The American Academy of Pediatrics (AAP) recommends babies breastfeed for 2 years. The World Health Organization (or WHO) recommends up to age 3.   My point of view is really anything beyond the 2 years that is recommended by the AAP. I breastfed all my kids for over a year and I don’t really consider that extended. Some consider anything over the first year to be extended breastfeeding. However you look at it, it’s beneficial for mom and baby.

Society is pretty vocal with their judgment about this particular topic.   Kind of that no filter, offensive type of judgment. Since I work with breastfeeding mothers, I will celebrate any breastfeeding milestone. I am also a safe place for mothers who are breastfeeding into toddlerhood. Often mothers won’t even tell their family members or their doctor that they are still breastfeeding for fear of the backlash that may come with it.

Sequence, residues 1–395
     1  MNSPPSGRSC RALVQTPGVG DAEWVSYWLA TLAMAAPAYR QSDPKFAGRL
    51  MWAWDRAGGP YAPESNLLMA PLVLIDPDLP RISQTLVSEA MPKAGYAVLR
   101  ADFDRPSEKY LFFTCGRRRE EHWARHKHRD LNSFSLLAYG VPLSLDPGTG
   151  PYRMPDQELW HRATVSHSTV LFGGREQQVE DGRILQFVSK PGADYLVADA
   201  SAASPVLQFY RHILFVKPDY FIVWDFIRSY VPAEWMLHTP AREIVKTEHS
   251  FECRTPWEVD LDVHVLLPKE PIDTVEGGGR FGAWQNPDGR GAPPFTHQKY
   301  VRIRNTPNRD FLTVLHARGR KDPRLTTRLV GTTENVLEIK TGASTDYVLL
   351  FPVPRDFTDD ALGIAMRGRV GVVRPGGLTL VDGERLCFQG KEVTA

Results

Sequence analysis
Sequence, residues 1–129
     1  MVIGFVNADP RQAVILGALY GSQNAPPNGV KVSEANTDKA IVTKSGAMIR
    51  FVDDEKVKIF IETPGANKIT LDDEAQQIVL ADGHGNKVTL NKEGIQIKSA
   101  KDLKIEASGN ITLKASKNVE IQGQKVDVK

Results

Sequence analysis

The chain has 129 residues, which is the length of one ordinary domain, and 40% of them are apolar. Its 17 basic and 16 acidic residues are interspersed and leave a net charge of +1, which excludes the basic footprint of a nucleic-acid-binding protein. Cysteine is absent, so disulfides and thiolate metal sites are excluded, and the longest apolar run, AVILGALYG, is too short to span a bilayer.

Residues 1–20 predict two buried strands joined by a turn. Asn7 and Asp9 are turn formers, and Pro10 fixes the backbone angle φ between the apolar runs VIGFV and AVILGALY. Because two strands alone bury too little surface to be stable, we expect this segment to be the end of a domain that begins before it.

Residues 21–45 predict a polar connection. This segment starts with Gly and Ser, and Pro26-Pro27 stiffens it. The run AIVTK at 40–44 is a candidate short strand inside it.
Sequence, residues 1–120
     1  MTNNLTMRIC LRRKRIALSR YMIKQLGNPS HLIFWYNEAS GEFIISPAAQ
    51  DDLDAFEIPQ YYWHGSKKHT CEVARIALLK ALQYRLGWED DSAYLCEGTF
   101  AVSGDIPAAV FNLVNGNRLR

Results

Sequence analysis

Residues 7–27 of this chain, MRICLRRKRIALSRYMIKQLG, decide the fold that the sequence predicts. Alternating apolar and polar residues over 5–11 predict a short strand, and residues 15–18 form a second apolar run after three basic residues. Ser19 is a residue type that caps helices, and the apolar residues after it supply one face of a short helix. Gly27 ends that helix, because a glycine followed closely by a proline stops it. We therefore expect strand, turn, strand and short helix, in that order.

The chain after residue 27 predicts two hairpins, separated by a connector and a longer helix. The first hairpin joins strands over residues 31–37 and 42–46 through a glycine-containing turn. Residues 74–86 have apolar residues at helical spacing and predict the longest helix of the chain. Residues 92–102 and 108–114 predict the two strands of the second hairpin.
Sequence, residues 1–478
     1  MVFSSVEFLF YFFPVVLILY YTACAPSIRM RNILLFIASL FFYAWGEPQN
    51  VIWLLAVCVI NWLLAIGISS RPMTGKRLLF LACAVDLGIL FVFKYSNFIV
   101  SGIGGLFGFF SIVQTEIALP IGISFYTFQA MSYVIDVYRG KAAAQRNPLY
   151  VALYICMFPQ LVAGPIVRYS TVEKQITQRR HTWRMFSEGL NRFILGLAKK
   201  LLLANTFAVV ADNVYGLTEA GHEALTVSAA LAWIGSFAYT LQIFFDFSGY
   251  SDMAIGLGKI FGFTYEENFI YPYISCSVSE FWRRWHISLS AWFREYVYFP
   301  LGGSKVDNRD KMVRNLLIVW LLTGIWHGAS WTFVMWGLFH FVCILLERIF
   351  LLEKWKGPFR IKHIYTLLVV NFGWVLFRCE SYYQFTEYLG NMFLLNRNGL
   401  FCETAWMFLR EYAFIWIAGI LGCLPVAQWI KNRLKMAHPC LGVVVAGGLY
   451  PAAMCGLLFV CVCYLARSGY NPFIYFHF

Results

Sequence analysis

As with any other aspect of parenting (or really anything else you do in your life), extended breastfeeding is a choice that is made between mother and baby and the family, and doesn’t need the vote of approval from anyone else. If it’s working for you, keep it up.

Week 4 of the Badass Breastfeeding Podcast is all about extended breastfeeding. Interested in hearing more? Check it out here.

http://badassbreastfeedingpodcast.buzzsprout.com

 

 

Breastfeeding- Who’s Conflicted?

When my babies were born, I remember being unsure of what to do. Not just with feeding, but with so many other aspects of parenting.   Bedtime, bathing, breastfeeding, pediatrician appointments, and sleep habits…the list goes on and on. The more questions I had, the more opinions I received. Or so it seemed. And this was BEFORE Google really kicked in to solve all of our problems.